Friday, March 8, 2013

Genesis 25:1-26:34


Genesis 25 opens with notice of Abraham's second marriage. Whether he married Ketura before Sarah's death or after is not entirely clear to me. Whether he had other concubines is also in question. Among his children by Ketura is one Midiah, whose descendants, the Midianites will play a role later in the biblical narrative.

Isaac is Abraham's sole heir. His other children receive gifts from Abraham while he is alive, but Isaac alone inherits Abraham's property and God's promise.

It is notable that Ishmael returns and helps Isaac bury their father.

Like Sarah before her, Rebekah is infertile. Isaac's prayer is the instrument of her healing. Barren women and miraculous births make a recurring theme throughout the Bible.

Isaac and Rebekah have twin sons. The firstborn is named Esau which means something like "rough." He will be a red, rough, hairy man. The younger is born grasping his brother's heel. "To grasp by the heel" is an idiom meaning "usurp" or "supplant." He will live by his wits all his life and will take his brother's birthright and blessing.

Jacob is not a nice guy. God, seemingly, does not choose his people on the basis of their personal virtue.

Still, as YHWH tells Rebekah while she is pregnant, the older twin will serve the younger. This is another theme in Scripture. God seems to have a preference for younger sons. So far we have seen Abel approved over Cain and Isaac chosen over Ishmael. Now Jacob is accepted over Esau.

Being a younger son myself, I kind of like this.

Isaac, Rebekah, and their boys are a dysfunctional family group. The parents play favorites with their children. Rebekah will scheme with Jacob against Isaac and Esau. This is not a pretty domestic scene.

For about 10 years I served as chaplain to a home for troubled kids. It was during that time that I realized just how messed up the Patriarch's families really were. The children in our care came from family backgrounds like these. God, apparently, does not choose his people based on their family values.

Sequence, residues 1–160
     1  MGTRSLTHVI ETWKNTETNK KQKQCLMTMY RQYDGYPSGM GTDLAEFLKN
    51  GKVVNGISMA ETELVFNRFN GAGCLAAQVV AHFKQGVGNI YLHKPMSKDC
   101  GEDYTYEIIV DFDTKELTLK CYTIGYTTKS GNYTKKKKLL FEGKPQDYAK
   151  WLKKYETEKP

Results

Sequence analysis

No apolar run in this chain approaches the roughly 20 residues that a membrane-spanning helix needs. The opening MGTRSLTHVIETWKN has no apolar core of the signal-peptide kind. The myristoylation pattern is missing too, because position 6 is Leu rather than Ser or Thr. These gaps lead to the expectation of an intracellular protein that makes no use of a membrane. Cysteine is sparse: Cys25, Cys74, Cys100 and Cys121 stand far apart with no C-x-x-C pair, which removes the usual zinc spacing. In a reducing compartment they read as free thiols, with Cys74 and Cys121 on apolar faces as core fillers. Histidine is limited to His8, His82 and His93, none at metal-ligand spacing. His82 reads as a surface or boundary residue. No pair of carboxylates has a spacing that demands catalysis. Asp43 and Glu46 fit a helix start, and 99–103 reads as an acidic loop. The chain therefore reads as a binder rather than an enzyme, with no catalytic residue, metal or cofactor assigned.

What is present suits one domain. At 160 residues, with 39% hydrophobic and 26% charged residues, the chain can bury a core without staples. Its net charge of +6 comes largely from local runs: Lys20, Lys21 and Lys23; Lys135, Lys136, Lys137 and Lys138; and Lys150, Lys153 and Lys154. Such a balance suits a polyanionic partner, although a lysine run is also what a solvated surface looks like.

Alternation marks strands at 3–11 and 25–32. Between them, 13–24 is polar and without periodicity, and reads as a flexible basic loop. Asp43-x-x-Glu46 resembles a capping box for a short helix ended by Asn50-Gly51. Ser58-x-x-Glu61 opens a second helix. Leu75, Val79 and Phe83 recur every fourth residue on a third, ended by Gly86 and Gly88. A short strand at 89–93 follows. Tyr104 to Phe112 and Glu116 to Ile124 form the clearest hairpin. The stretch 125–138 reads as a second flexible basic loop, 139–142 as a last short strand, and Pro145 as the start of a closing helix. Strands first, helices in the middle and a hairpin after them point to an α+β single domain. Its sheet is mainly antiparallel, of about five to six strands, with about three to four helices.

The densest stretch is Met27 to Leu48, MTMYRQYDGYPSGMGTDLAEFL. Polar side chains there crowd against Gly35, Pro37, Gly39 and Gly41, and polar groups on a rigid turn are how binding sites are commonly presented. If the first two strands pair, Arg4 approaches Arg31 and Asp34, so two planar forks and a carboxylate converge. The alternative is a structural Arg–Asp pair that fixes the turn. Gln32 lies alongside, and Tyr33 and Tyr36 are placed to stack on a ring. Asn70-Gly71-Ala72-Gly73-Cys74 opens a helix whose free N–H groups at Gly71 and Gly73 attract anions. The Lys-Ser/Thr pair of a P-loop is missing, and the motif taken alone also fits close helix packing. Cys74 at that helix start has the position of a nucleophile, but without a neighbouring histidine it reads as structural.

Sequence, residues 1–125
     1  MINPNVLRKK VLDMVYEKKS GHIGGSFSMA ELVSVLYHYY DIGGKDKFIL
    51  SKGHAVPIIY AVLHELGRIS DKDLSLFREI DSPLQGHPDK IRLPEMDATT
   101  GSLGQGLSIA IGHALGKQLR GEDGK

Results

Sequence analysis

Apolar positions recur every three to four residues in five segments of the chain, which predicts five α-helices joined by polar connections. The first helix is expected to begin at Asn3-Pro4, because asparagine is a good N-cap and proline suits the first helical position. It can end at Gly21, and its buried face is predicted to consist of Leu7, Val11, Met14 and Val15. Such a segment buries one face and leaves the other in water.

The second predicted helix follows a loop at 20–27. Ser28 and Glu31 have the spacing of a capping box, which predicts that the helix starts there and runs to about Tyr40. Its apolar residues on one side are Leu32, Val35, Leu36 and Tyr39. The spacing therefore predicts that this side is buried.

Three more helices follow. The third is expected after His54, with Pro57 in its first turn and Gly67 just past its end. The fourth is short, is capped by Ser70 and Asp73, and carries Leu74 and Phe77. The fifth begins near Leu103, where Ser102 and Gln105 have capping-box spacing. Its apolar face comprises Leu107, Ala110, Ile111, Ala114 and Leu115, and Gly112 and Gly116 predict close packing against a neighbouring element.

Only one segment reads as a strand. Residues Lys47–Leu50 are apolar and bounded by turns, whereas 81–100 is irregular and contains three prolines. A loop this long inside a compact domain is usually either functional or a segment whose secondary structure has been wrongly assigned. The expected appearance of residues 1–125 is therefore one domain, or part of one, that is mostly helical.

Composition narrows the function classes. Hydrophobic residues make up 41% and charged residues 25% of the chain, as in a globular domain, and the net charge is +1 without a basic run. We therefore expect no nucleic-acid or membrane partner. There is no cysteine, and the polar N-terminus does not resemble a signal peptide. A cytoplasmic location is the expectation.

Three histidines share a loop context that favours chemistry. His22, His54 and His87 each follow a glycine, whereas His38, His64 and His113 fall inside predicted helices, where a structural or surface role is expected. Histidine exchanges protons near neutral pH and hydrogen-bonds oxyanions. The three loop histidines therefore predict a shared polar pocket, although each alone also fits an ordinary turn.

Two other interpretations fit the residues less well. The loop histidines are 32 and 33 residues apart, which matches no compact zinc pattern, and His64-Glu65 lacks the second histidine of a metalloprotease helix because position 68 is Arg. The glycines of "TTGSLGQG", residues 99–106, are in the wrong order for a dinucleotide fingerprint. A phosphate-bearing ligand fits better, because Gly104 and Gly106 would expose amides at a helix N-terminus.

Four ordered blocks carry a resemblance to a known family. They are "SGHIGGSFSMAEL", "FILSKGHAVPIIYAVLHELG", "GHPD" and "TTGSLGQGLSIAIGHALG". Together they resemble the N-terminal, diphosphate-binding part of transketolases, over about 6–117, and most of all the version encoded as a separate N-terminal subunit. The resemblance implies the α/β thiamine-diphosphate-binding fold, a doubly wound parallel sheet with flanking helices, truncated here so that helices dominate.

When the boys are grown, and Esau, after a an unlucky day hunting, is famished, Jacob sells him a bowl of lentil stew in exchange for his birthright. The birthright is the elder son's larger portion of a father's estate. Even though Jacob callously takes advantage of Esau, it is Esau who stands the blame in the narrative. The narrator's voice tells us that Esau "despised his birthright."

In the story about the birthright, Esau is given another name, Edom. We are still dealing with the mythic stories of the origins of nations. Esau's descendants, the Edomites will feature in later stories. Jacob, of course, will be the ancestor of the twelve tribes of Israel.

In chapter 26, Isaac meets up with our old friend King Abimelech. Like his father, Abraham, Isaac plays the old "my wife is my sister" scam in Gerar. The acorn does not fall far from the tree. When the king discovers the ruse, there are no negative consequences for Isaac, though Isaac doesn't get the big payoff that Abraham did.

Still, Isaac prospers in Gerar. Enough so that he is asked to leave. There are some issues about wells and water rights. Abimelech and Isaac make a non-aggression pact, just as Abraham and Abimelech did. We are given another explanation for how Beer Sheba got its name. (The first one was back at 21:31).

Chapter 26 ends with a note about Esau's marriage to two Hittite women and his parents' disapproval.

What do you think? Do you like it that God works through dysfunctional families and disreputable characters? 

Next up: Genesis 27-29
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